Eye-opening experience for Reserve optometrist

  • Published
  • By Master Sgt. Stephen J. Caruso
  • 514th Air Mobility Wing

Despite the challenges of 2020, for many Citizen Airmen the events of last year created opportunities to serve in unique duty assignments that normally would not be available to them. For one Reserve Citizen Airman with the 514th Air Mobility Wing, Lt. Col. (Dr.) Daniel Toocheck, the year ended with a thrilling and chilling TDY to Eielson Air Force Base, Alaska, where he attended the Air Force Arctic Survival Training. 

Toocheck, a traditional reservist, serves as the chief of optometry services with the 514th Aerospace Medicine Squadron at Joint Base McGuire-Dix-Lakehurst, N.J. He spent 90 days on active duty from September to December 2020 at Eielson Air Force Base to fill a critical manning need for the 354th Medical Group. 

At the outset, the TDY was fairly routine, according to Toocheck. He lived on base and worked in a standard military clinic set up. Upon his arrival to the town of “North Pole” in the late summer, the moderately cool temperatures even allowed Toocheck to walk to work. His route took him past the 66th Training Squadron’s Detachment 1 schoolhouse, which conducts Air Force Arctic Survival Training at Eielson. 

Affectionately known as “Cool School,” the arctic survival training involves five days of combined classroom instruction and field training in the arctic environment, medical, personal protection (clothing, shelter construction, and firecraft), sustenance (food and water procurement), and signaling. 

While the course is primarily for Air Force mission operators such as pilots and flight crew members who may require training in a downed aircraft event, other AFSCs including medical professions are also able to attend. As a Reservist on a short TDY, Toocheck’s chances of attending the high-demand class would seem unlikely. That was, until the superintendent of the Arctic Survival School showed up at the clinic one day for an eye exam.

In talking with the superintendent, Toocheck realized there could be an opportunity to attend the week-long class after all. He contacted the education office and was added to the waitlist. Since many Air Force members from bases outside of Alaska were unable to attend due to COVID-19 travel restrictions, Toocheck fortunately secured a slot relatively soon and attended the class with an entirely local cohort. 

“Everybody in my class was actually from Eielson,” Toocheck said. “There were a couple F-35 pilots and F-16 pilots.”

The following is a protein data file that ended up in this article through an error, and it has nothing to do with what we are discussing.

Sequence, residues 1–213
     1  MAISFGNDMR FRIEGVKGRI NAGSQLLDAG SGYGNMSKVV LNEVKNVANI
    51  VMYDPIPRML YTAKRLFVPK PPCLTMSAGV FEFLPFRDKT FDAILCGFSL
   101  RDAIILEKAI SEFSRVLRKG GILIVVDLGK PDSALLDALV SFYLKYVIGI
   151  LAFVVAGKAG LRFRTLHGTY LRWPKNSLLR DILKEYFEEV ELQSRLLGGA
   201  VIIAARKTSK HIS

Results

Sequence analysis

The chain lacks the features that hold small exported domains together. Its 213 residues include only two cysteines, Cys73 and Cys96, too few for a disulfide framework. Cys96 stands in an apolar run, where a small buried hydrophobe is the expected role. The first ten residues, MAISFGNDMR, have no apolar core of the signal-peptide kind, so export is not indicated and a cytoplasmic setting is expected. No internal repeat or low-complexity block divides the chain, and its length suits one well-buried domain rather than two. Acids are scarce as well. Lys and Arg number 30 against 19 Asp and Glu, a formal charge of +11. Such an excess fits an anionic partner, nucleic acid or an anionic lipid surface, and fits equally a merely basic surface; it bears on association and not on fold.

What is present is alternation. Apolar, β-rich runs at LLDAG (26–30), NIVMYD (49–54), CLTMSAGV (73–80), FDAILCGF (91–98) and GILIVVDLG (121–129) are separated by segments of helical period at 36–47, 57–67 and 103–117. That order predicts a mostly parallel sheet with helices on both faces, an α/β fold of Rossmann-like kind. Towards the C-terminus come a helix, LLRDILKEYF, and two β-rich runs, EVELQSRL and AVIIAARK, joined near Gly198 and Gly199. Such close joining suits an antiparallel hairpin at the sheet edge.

Toocheck’s arctic survival class began in early November, before average winter temperatures were expected to turn severe. Shortly into the course, temperature dropped well below freezing. Furthermore, a record snowfall made the field training portion far more challenging. 

“It got down to minus 34 one night we were out there,” Toocheck said. “You’re trying not to let any of your skin get exposed. This was the first week of November, not even the cold part of the year.”

Focusing on rudimentary cold weather survival skills, the training helped Toocheck better appreciate the importance of getting back to basics. 

“Class has been around for 60 years and it’s changed very little,” Toocheck said. “The basics of building an A-frame, starting a fire or melting water really haven’t changed.”

The "A-frame" refers to huts made of snow and logs that student must construct for night time shelter during the course. 

“They said the A-frame will make it probably twenty degrees warmer,” Toocheck said. ‘It was cold. I was shivering.”

Overall, the combination of classroom and field training was very effective, according to Toocheck. He encourages other Reservists to seek out such training opportunities, both within and beyond their career field. 

“The training gives you confidence that you can sleep outside when it’s minus 34 degrees,” Toocheck said. “It also gives you confidence in your ability to participate with active duty.”

One of the biggest eye-openers was his newfound appreciation for the adverse conditions Air Force pilots have to train for. 

“In the Air Force, you’re always supporting the warfighter,” Toocheck said. “If anyone’s going to get stuck out there, it’s the pilots. They’re the tip of the spear, right? So it gave me more of a perspective of what the pilots need to do. It’s not so glamorous. It takes a lot of sacrifice. You know it’s going to be difficult.”